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As we have adhered to our engagements with the most scrupulous regard, in collecting a variety of original pieces from the different stores of art and literature ; as we have continued four entirely new works through the successive numbers of the Magazine without interruption, and added à fifth on the subject of the Belles Lettres, which we flatter ourselves will meet with peculiar approbation; as we have taken measures for procuring a greater number of curious materials than have hitherto appeared, and employed perfons properly qualified to select entertaining articles from manuscripts deposited in libraries both public and private; in a word, as we are determined to exert all our faculties in the prosecution of the work, so as to render it equally productive of utility and amusement, we do not despair of enjoying a continuation of success; nor can we resign our pretensions to the favour and protection of the community.

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THE

BRITISH MAGAZINE,

For JANUARY, 1762.

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The Life of Lord CHANCELLOR BACON. [Concluded.)

*SYSH E last article of the yond the condition of a man who means

charge against him is ro to preserve his integrity, he allowed in his T

very remarkable, and the house every kind of extravagance: and as matter of it so important, many of his retinue were young, diffithat it is necessary to stop paled, giddy, and headftrong in the pur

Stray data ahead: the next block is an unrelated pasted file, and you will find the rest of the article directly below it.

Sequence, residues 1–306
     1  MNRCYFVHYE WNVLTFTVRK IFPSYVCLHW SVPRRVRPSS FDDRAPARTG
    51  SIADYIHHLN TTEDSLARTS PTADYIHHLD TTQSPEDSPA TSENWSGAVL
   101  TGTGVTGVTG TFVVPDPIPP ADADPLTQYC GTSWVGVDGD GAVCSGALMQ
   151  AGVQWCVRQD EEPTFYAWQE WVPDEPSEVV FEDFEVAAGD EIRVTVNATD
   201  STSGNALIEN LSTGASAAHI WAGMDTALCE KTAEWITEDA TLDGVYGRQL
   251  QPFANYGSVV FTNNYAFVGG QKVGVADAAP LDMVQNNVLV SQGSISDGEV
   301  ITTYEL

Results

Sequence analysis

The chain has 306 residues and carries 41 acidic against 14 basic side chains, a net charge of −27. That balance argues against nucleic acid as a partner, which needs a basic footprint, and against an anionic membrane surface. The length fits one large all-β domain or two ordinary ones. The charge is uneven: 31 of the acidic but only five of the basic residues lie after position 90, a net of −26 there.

a little here, and make a suit of pleasure, they squandered without few reflections. It alledged, “ That he measure, where they were indulged with. had given way to great exa&tions in his out controul. Whether he did not dirservants, both in respect of private seals cover this error till it was too late, or and otherwise, for sealing injunctions." whether a soul like his, lost in the greatHe gave no other answer to it than this: ness and immensity of its own views, could "I confess that it was a great fault of ne- not attend to that detail of little and dir. glc& in me, that I looked no better to agreeable particulars, which yet oeconomy servants.” Now, this indulgence to my requires; certain it is, to support his his domeftics, which was certainly extreme, ordinary train of living, he thus fell into has been generally and truly, reckoned the corruption bimsell, and connived at it in principal cause of those irregularities that his' dependents. Such inconsistencies in drew on his disgrace. One day, during his human nature cannot buc alarm and tertrial, as he was passing through a room rify even those who are most confirmed in where several of his domestics were fitting; a habit of virtue. For the honour of the Epon their getting up to salute him, “Sit lord St. Alban's memory, it is generally down, my masters, he cried, your risc hath believed ibat liis decrees were always con. been my fall.” For himself, or his fami- ronant to justice, and that he scrupled not 15, he treasured up nothing ; but, liberal to decide even against those very perfons in his own temper, or rather profuse be. who had given him bribes. How far he Janoary, 1762.

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might